Over the winter holidays, my niece couldn’t wait to tell me about her music. She had just started composing her own songs and wanted to post them online. The kid-friendly media giant Nickelodeon runs her favorite site, where an adult monitors all post requests before those missives go live.
But that was Christmas, and ‘so last year.’ It’s now Easter and she’s started her own blog. At 11, she’s dragging her parents — one technology after the other — into the modern world of the Internet. Luckily, her parents are Net-savvy enough to guide her forays onto the Web.
The answers to her “can I?” requests aren’t always “yes.” There are limits and there are ground rules. She must get her parents’ permission before joining anything in the real or virtual world. She is not allowed to share any identifying information about herself, including where she lives or her name. She also knows that Mom and Dad are watching. Her parents long ago installed a content filter on the family computer that resides in the living room, and she’s been apprised in advance that they will be monitoring her online posts and those of her online friends.
It’s not that her parents don’t trust her; they do. She’s been told that that is why she’s been granted the privilege to blog and chat online. But she knows not everyone on the Internet is whom they purport to be nor do they always behave appropriately. And for that reason, her parents need to check things out on a continual basis.
One good thing about Internet and Web 2.0 tools is the easy accessibility to research and the ability to connect with people, groups and ideas. Unfortunately, much on the Web isn’t kid-friendly and some paths on the Internet are just plain dangerous.
“The most important thing any adult caregiver or parent needs to understand is that technology alone cannot solve the problem to keep kids safe online,” says Ben Halpert, a nationally recognized security expert and parent in Atlanta. “Most technologies have a good and a bad aspect to them. There will always be malicious people out there who turn a technology with a legitimate purpose into something bad.”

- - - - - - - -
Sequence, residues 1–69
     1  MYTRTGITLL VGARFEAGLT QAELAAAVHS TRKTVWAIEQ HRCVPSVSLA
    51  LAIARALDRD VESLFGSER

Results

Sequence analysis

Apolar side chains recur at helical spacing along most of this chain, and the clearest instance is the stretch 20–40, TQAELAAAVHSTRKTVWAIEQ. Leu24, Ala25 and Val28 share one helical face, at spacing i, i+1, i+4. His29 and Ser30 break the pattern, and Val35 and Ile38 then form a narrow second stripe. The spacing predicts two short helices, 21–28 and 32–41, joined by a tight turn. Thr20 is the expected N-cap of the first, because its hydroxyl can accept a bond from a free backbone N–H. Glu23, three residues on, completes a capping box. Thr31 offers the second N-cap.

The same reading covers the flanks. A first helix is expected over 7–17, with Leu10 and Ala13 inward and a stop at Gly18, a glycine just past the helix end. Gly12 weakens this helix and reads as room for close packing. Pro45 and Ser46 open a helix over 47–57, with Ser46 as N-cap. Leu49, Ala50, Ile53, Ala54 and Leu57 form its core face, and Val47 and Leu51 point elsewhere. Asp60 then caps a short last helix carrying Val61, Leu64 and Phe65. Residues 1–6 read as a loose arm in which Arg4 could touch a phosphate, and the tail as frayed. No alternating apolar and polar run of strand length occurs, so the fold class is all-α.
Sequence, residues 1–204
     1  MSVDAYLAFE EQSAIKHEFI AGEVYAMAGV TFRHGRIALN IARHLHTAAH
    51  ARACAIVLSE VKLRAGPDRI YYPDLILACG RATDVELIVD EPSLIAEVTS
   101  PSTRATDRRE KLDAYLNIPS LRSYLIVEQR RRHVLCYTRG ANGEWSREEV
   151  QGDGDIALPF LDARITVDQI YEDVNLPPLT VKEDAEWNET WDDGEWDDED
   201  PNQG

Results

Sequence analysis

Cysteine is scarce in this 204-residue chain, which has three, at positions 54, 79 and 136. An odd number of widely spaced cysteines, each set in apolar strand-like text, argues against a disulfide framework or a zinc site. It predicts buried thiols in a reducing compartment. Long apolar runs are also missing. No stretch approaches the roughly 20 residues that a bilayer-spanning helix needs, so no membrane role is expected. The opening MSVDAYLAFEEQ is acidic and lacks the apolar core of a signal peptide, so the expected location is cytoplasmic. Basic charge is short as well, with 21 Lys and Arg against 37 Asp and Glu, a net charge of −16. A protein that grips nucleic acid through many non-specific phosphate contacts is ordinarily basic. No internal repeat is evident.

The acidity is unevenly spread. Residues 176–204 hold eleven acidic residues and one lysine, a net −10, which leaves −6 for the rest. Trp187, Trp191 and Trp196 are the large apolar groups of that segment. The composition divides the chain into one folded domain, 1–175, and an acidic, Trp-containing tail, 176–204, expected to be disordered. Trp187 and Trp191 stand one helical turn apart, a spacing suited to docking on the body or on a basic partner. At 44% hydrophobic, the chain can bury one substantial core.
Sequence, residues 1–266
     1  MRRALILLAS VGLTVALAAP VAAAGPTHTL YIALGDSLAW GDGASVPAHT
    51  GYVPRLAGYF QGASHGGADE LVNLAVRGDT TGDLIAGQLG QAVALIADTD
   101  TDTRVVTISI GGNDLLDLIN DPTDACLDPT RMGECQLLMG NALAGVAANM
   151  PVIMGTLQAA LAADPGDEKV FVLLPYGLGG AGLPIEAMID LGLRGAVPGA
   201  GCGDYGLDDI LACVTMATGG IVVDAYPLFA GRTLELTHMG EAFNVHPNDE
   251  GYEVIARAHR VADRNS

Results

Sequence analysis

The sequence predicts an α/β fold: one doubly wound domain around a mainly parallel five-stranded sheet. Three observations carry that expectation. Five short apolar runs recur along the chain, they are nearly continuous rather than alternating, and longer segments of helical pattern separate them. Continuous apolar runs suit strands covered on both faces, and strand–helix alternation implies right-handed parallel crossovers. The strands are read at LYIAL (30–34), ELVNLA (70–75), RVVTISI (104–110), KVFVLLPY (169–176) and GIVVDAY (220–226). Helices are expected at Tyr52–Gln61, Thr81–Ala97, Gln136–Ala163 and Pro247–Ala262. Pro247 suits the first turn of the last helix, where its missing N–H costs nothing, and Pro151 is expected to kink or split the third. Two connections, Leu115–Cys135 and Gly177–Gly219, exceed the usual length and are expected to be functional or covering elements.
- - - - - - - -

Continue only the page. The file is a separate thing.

So, when’s the best time to have this discussion with your child about Internet safety? Halpert recommends doing it now, if your children communicate online and you haven’t created guidelines for them to follow. “As soon as they start asking about going online, take that as an opportunity to discuss online safety.”
Content filtering tools can help, but they can only do so much. It takes a village to raise a child, and the same applies to keeping kids safe online — it takes schools, parents and kids.
Editor in Chief, email@example.com
Internet Safety 101
While there are lots of fun and educational destinations for children on the Internet, shows like Dateline NBC’s “To Catch a Predator” are constant reminders that the Internet isn’t always safe. Parents, schools and students need to work together to establish ground rules for going online. Most schools already have acceptable use policies in place. If your school doesn’t have one, ask about its status.
Some online rules to get you started
- Do not download or open files, including images, from unknown sources.
- Never divulge personal information such as age, gender, address or phone number, passwords or photographs.
- Use a gender-neutral screen name.
- Discontinue online communications (e-mail, instant message, chats) that become overly personal, aggressive, frightening or sexually suggestive.
- Report suspicious activity to a parent or trusted adult.
- Keep your child’s computer in a high-traffic area of the home, such as the family room or kitchen.